Tuesday, July 19, 2011

A Special Special Olympian

"I may have a disability,
but I can still feel,
I can still hurt.
 I am not invisible."
-Christie Clark, one of our World Games track athletes.

I shouldn't be surprised at this point of my (SO) coaching career that an athlete would come along and just blow my mind with their character, kindness, thoughtfulness, skill and work ethic.  I shouldn't be surprised because I have met them before, I have coached athletes like that, but yet, when someone comes along as special as Christie, it just takes me aback a little and makes me appreciate the opportunities I've had to coach Special Olympics.  Christie is from Portland Oregon and I first met her at the Team USA training camp in San Diego this past March.  She is a distance runner, 36 years old.  She works at home caring for family.  She is sharp, witty, kind and has a great sense of humor.

After meeting her, I went back and read her World Games application:
"Christie is very open to change."
"She will give the coaches respect no matter where he or she comes from-she will give 110%."
"She is a very positive person always willing to help or be part of the team...very supportive of her fellow athletes."

Little did I know at the time how understated those words would be.  During the difficult and challenging parts of the World Games, she never blinked an eye-always there for everyone else, including the coaches, when they needed a hug.  Sometimes, even the head coach needs a hug.  She would joke that I needed a "Christie Hug" to start my day, and even when I returned home, I had a card waiting saying so and a day later a phone call from Portland and Ms. Clark.  She became almost an assistant coach to our staff-anything we needed help with, she would willingly do.  Any athlete who maybe needed help-she would be on it without asking.  I do think she could have packed all 49 athletes roller duffles and had them done and ready for the bus before most of us could find our socks.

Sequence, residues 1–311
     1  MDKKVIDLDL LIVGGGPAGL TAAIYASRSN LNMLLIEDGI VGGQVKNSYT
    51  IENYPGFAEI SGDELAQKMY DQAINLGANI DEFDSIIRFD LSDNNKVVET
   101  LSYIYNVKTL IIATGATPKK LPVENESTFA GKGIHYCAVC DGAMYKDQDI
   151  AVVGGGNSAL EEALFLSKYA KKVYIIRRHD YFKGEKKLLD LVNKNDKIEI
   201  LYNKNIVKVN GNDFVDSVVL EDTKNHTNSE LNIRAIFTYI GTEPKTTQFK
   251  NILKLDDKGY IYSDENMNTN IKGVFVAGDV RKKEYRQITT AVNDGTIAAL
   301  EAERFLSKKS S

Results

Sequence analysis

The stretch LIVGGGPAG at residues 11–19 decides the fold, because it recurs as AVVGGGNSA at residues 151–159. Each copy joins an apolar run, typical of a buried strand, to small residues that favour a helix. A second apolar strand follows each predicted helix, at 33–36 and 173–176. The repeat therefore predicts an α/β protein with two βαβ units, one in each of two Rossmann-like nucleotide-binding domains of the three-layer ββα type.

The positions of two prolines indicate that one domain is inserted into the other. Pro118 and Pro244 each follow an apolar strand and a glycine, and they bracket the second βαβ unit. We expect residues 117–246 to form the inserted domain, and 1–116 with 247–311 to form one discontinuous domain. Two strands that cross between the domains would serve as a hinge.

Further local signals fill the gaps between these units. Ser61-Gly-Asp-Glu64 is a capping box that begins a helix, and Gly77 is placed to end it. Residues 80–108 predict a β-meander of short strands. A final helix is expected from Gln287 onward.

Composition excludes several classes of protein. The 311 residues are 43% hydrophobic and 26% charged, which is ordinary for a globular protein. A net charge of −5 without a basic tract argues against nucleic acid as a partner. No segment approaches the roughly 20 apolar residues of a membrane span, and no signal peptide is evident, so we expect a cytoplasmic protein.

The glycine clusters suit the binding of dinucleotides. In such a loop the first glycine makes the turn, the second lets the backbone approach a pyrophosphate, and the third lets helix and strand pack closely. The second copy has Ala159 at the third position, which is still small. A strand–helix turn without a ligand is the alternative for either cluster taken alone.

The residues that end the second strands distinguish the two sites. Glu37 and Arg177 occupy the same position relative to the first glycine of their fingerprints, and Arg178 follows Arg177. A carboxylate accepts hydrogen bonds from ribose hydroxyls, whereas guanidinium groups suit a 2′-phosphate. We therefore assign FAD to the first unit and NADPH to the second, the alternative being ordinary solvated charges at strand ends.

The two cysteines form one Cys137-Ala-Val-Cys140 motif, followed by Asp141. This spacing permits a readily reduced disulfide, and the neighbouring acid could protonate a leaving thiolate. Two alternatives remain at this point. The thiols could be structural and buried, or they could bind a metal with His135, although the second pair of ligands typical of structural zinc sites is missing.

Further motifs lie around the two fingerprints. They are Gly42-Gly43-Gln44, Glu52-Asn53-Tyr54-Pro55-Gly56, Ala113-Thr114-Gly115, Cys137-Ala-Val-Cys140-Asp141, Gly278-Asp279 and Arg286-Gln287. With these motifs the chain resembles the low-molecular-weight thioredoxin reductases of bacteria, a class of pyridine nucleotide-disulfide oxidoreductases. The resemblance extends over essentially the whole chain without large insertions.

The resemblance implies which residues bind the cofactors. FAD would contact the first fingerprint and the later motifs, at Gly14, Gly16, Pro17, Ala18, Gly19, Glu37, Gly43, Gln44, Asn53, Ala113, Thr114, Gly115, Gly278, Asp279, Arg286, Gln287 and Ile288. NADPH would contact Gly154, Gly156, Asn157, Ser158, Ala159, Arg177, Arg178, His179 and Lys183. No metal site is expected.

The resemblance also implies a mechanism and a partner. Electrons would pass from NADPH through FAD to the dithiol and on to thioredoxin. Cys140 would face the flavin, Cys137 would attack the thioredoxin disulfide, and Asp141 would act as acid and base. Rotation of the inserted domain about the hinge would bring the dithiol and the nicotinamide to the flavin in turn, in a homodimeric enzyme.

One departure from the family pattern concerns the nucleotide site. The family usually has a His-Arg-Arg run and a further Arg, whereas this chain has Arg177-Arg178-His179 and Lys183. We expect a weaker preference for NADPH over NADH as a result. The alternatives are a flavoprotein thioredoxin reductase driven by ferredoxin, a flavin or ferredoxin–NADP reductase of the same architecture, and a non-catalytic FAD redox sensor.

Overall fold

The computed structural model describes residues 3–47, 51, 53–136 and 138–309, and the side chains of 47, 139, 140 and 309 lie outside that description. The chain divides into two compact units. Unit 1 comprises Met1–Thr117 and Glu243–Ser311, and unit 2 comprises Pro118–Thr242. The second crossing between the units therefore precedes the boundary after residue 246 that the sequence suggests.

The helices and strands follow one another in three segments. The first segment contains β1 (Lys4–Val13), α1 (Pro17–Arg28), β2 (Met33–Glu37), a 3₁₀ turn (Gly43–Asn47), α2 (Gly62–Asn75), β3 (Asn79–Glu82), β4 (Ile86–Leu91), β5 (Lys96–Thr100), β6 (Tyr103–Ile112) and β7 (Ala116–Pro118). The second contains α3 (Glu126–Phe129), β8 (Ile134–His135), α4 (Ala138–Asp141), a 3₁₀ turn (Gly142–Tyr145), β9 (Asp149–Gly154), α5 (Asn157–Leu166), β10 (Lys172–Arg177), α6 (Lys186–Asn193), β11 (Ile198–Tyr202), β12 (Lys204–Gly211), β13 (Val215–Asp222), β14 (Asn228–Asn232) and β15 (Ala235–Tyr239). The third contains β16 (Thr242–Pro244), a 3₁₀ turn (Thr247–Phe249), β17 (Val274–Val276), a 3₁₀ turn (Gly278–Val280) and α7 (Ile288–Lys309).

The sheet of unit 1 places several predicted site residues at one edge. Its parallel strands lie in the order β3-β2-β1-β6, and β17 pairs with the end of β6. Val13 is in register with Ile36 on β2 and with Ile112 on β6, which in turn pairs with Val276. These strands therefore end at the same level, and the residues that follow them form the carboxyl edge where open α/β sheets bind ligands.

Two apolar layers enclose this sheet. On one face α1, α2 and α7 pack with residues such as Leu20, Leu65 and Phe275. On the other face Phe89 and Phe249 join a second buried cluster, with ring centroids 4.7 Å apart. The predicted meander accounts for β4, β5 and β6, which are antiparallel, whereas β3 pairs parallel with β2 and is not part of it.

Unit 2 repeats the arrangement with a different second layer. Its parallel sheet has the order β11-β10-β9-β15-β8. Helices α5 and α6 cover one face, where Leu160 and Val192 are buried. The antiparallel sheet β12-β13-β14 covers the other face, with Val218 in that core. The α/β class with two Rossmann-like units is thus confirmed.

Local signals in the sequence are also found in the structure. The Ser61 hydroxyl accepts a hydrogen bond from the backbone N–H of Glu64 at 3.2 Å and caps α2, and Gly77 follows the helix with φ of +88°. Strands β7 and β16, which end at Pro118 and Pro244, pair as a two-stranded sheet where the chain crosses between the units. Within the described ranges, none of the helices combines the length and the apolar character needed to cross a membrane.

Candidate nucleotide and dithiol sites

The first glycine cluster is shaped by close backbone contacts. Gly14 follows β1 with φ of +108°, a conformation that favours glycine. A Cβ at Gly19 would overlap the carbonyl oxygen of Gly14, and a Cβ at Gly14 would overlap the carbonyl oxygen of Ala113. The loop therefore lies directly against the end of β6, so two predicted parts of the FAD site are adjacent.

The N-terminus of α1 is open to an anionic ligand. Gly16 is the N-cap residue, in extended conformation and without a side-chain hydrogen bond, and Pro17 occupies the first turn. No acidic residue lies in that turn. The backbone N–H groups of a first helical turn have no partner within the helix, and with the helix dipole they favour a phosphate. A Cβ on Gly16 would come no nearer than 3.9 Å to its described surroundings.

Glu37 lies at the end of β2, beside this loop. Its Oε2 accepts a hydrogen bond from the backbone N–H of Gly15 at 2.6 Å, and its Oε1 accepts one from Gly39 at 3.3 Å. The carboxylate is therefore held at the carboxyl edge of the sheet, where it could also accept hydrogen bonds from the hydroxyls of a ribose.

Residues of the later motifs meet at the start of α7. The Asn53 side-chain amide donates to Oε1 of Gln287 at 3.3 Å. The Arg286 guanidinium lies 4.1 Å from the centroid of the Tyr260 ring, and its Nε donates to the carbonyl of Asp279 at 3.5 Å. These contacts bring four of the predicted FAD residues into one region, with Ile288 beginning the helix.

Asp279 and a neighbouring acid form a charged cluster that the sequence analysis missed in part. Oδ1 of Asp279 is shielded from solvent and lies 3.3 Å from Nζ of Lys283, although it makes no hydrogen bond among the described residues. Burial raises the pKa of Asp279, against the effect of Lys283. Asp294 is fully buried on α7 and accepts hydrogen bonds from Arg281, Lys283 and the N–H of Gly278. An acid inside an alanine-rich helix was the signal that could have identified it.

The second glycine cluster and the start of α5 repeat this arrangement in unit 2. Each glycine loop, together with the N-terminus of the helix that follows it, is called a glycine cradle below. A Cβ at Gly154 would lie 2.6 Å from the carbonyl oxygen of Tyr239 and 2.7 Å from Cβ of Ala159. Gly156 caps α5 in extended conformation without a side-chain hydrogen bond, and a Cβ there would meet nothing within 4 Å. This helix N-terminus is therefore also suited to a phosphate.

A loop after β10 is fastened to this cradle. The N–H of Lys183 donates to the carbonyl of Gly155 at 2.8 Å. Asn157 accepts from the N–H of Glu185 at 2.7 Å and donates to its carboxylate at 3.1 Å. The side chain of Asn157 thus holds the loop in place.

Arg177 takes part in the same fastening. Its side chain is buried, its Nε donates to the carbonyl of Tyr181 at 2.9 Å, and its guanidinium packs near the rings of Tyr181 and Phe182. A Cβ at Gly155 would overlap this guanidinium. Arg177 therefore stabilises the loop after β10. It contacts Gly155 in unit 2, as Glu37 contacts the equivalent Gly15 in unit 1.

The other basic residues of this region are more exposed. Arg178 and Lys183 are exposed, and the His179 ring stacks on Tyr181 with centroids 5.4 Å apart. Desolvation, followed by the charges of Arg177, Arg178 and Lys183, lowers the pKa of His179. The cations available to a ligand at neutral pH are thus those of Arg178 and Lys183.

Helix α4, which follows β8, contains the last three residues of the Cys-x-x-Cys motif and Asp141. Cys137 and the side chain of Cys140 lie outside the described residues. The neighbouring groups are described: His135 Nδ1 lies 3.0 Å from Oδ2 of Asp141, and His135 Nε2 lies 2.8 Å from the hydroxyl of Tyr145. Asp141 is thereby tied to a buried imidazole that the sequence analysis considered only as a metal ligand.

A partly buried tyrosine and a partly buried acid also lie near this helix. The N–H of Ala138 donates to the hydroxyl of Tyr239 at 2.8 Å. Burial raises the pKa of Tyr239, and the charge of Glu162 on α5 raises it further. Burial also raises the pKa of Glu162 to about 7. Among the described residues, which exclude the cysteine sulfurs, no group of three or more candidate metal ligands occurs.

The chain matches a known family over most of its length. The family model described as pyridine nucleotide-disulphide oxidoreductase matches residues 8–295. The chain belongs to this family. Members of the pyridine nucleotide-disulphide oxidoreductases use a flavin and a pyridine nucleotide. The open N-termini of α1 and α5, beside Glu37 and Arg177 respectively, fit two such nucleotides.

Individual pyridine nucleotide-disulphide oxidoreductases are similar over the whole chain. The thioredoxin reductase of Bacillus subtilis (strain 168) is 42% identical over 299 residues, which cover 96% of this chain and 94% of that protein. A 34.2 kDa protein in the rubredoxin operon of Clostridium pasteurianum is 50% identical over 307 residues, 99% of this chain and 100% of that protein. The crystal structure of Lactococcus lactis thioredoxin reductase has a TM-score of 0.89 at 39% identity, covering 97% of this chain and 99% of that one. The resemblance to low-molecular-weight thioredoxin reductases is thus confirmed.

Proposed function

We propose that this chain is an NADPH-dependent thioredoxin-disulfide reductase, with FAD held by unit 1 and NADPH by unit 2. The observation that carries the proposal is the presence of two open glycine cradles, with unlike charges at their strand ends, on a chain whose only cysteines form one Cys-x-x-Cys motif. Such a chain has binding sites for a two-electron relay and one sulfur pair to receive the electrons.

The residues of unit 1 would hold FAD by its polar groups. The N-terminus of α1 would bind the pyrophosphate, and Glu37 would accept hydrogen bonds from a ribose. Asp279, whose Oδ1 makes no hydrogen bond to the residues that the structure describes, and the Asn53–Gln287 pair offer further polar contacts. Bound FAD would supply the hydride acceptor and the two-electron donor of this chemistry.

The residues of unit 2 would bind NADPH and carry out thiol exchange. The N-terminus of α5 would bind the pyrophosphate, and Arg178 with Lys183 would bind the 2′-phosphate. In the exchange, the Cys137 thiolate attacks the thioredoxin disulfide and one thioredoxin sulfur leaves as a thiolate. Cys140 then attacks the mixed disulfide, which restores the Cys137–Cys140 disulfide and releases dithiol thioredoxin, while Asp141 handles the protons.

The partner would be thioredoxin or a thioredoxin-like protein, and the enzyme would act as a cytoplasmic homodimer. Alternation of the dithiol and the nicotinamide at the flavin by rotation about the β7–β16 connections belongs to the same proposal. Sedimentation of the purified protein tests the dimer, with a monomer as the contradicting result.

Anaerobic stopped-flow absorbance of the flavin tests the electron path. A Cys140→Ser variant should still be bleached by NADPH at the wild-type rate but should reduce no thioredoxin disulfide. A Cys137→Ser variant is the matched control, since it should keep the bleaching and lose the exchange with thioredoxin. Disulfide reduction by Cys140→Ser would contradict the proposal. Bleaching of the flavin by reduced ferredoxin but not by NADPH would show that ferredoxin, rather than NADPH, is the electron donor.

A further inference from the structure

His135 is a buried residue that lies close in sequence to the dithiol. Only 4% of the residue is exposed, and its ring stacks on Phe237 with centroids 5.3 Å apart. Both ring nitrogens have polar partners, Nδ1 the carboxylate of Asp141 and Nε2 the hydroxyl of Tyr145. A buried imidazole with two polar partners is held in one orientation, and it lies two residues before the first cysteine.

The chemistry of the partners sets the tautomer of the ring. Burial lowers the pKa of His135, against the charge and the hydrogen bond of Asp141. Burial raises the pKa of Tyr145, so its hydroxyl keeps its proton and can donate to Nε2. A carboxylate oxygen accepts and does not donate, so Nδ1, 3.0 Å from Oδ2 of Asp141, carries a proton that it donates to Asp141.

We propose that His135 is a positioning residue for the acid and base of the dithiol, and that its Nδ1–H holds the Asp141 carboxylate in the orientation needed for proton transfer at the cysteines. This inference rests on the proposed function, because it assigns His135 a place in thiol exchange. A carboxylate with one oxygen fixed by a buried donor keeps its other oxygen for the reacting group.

Kindness doesn't begin to describe her, and always a smile, but under it all is a person with great feeling and depth as well.  Re-read the opening sentence by her.  When that line was shared with me, it made me tear up-yes, she does feel, and she does hurt and she IS NOT invisible.  Wow.......I am amazed at our athletes, especially Christie, in so many ways.

I'm re-reading this and I never really mentioned Christie's track accomplishments, and for that I feel a little bad.    The mission statement of Special Olympics is:  to provide year-round sports training and athletic competition in a variety of Olympic-type sports for children and adults with intellectual disabilities, giving them continuing opportunities to develop physical fitness, demonstrate courage, experience joy and participate in a sharing of gifts, skills and friendship with their families, other Special Olympics athletes and the community.


Christie is an outstanding track athlete.  She trains hard and knows competition well and it was a thrill to she her on the track at Olympic stadium.  But to also see her excel at everything else Special Olympics is about was truly an amazing thing.  I am so lucky to have met and befriended another very special athlete.  Thank You Christie.
-Coach Steve 
Christie during the Unity Sports 4X100 Relay

Proud Coach and Athlete
The Bronze-headed back to Oregon.

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